11. 11. RESOURCE MATERIAL SERIES No.68rank-and-file officers. These formal or informal meetings and interactions have had a profound influence, tothe extent that a high degree of communication and a sharp focus on achieving results pervades theorganization. VI. A HYBRID MANAGEMENT STYLE The Compstat paradigm is a hybrid management style that combines the best and most effectiveelements of several organizational models as well as the philosophies supporting them. Compstat retains thebest practices of traditional Professional Model policing, for example, but also incorporates insights andpractices from Community Policing and Problem-Solving Policing styles. It also utilizes the kind of strategicmanagement approaches used by successful corporate entities that thrive in highly competitive industries.Because the Compstat paradigm is so flexible and because it emphasizes the rapid identification and creativesolution of problems, it can be applied in virtually any goal-driven human organization. Although Compstat management draws on the strengths of the traditional Professional Model as well asthe Community Policing and Problem-Solving Policing models, it also differs from each in important ways.The NYPD has based its approach to crime reduction and quality-of-life improvement on the “BrokenWindows” theory articulated by Wilson and Kelling (1982) - an approach that many Community Policingtheorists have also championed. This important theory takes the position that quality-of-life problems suchas graffiti, public intoxication, loud radios, urban decay, and a host of other petty annoyances of modern urbanlife are in themselves criminogenic - when left untended, they subtly convey a message that disorder andincivility prevail, that social controls have broken down, and that no one really cares about theneighbourhood in which they occur. This message often translates to the idea that such conditions aresomehow acceptable and that because minor offences are acceptable, more serious ones must be as well.Ultimately, if minor offences are left unchecked they lead to more serious crime (Kelling, 1987, 1991, 1992,1995; Kelling & Coles, 1996, 1997; Wilson, 1983; Wilson & Kelling, 1982, 1989). The postulates of the Broken Windows theory are central to many Community Policing ideologies andpractices, although many leading Community Policing theorists and practitioners place the burden foridentifying and remedying a neighbourhood’s crime and quality-of-life problems on the beat officer. Toempower the beat officer and support effective Community Policing, many advocates say, the agency mustbe thoroughly decentralized so that power can be almost completely devolved to those at the bottom of theorganizational pyramid. In the NYPD, though, the Compstat paradigm has placed the burden of identifyingand solving problems squarely on the shoulders of middle managers. On the basis of its experience duringthe late 1980s and early 1990s in implementing a version of Community Policing that emphasized theprimacy of the beat officer, the NYPD recognized that it is unfair and unreasonable to expect beat cops todisentangle and successfully address entrenched social problems whose solutions have confounded policeexecutives, social scientists, and criminal theorists for years. Despite their best efforts and, in many cases,their skills and expertise, beat-level police officers simply cannot muster the organizational resourcesneeded to attack these problems. VII. REALIGNING ORGANIZATIONAL POWER, MOBILIZING EXPERTISE Closely related to the NYPD’s decentralization was the redistribution of power in the agency. The fivebases of power operating within a police organization - coercive, legitimate, expert, reward, and referentpower - need to be realigned if the agency and its members are to achieve their full potential. In traditionallymanaged agencies, most power is concentrated among the executive cadre, and because others have almostno access to coercive, legitimate, or reward power, they cannot easily obtain or apply the agency’s resourcesto address problems (see, generally, French & Raven, 1959). The Compstat paradigm’s effectiveness also derives from its emphasis on mobilizing expertise and goodpractice - especially the expertise and good practices of experienced patrol officers - and making them thenorm throughout the agency. This, too, is a tenet of Problem-Solving Policing, but as an organizational realityit has often proven to be an illusory goal in American policing. The NYPD’s executives gathered togetherexperts from throughout the agency as well as from outside it and drew upon their knowledge andexperience to develop a series of crime control and quality-of-life strategies. The strategies, specificallycrafted to be flexible and adaptable to the local community’s particular needs and conditions, addressedspecific types of crime and disorder problems and were promulgated throughout the department. Everyprecinct commander was mandated to adapt and implement them, and Compstat meetings are one way to110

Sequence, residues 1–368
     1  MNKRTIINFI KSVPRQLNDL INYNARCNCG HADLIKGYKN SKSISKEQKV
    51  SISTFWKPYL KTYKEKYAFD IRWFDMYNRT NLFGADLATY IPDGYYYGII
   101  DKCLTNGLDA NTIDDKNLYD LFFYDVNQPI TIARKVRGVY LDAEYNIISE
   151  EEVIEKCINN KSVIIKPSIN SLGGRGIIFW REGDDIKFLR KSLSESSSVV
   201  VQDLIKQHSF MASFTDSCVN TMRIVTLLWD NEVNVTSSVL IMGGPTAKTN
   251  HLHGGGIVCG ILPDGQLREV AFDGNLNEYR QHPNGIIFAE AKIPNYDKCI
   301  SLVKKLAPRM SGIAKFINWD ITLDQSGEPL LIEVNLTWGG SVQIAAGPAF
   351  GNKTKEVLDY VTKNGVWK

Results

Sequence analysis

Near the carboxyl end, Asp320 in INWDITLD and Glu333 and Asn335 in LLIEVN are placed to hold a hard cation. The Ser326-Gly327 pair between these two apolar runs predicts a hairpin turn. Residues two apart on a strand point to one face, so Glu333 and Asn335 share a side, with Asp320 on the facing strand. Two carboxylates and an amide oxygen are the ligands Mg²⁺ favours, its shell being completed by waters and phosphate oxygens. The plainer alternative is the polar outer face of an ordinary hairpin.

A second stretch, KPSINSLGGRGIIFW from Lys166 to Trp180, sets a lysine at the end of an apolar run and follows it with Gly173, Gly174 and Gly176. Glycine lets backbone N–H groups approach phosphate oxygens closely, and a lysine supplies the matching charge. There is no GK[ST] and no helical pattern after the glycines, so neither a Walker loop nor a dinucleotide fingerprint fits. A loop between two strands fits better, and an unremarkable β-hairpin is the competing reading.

12. 12. 129TH INTERNATIONAL SENIOR SEMINAR VISITING EXPERTS’ PAPERSensure that they have been implemented effectively. As a practical matter, the crime control and quality-of-life strategies all proceeded from the brokenwindows theory’s basic position that many serious crimes will be prevented and serious problems avoided ifwe attend to minor offences as they occur or soon afterward. The strategies also primarily use enforcementtactics to suppress these lower-level offences and quality-of-life problems. Some Community Policingadherents eschew enforcement as a means to reduce crime and disorder, or at best they expressambivalence about how effectively enforcement tactics work to reduce crime. Their position, in a nutshell, isthat the police should become agents of change who empower and build communities to police themselves.Other Community Policing advocates rarely deal with the idea of actually reducing crime, preferring insteadto emphasize that the perceived fear of crime in a community can be reduced through more positive police-community interactions. These Community Policing theorists have been criticized by more traditionalthinkers for placing more emphasis on the appearance of public safety than upon substantive crimereduction. Highly focused enforcement activities were always a goal of the professional model thatdominated American policing for most of this century, but they were nevertheless a rarely achieved goal.Through the Compstat paradigm and the Compstat meetings, the NYPD has had great success with the useof highly focused enforcement strategies in the Broken Windows context (Henry, 2002). It is important to recognize that although the results achieved by the NYPD depended greatly onenforcement activities, the Compstat management paradigm can be used equally well to manage an agencyin which enforcement has a lower priority. Another agency may or may not achieve the magnitude of crimereduction accomplished in New York City - indeed, some agencies may not face the compelling crimeproblems the NYPD did - but the agency will improve its performance on any criteria it deems important if itimplements the paradigm cogently. If the agency’s prevailing philosophy is that the number and quality ofpolice-citizen encounters are of primary importance and that enforcement has little value, Compstatparadigm management can be adapted and used to tremendously improve the quality and number of thosepositive encounters. Regardless of the agency’s specific goals and objectives, implementing the basicprinciples of the Compstat paradigm will dramatically increase the likelihood that they will be attained(Henry, 2002). As practiced in New York City, the Compstat paradigm also articulated a bold new philosophy - anunwavering belief in the capacity of police officers to make a difference and to reduce crime. Police officialsin the NYPD and elsewhere have, of course, spoken to this philosophy for years, but in fact their words oftenamounted to mere platitudes and in many cases were betrayed by their actions. This perceived or realinsincerity combines with other factors to foment cynicism, to drive a divisive wedge between street copsand management cops, and to undermine the legitimacy of managers as well as their capacity to effectivelymanage and direct their department’s affairs (Henry, 2002). At the heart of the Compstat paradigm is a realistic appreciation of the wealth of expertise andexperience held by effective police officers. Expert officers of every rank worked together to create andimplement the crime and quality-of-life strategies that helped reinvigorate the NYPD, and they workedtogether in the reengineering committees that restructured 12 important functional areas. In far too manyagencies, including the NYPD, managers and executives have subtly or overtly devalued operational officersand their contribution to the agency. Good and effective officers exist in every agency, and the Compstatmanagement paradigm insists that managers and executives capitalize on that expertise and use thisessential resource effectively. Quite frankly, this often demands that executives and middle managers putaside their own egos to acknowledge that in many instances street cops may have greater expertise andgreater knowledge than they (Henry, 2002). The Compstat paradigm demands that managers and executives take risks - even the kind of risks thatmight compromise their own careers. Risk-averse executives have often foolishly spent a disproportionateshare of their energies on restraining and controlling operational officers, promulgating broad policies andpractices that place unnecessary and burdensome restrictions on officers without regard to their capabilities.Compstat management not only demands that these obstacles to performance be removed in order to letgood officers flourish and influence others around them to do the same but helps identify and reward theofficers who perform best (Henry, 2002). Another central tenet of this management philosophy is an unwavering belief in the idea that police can 111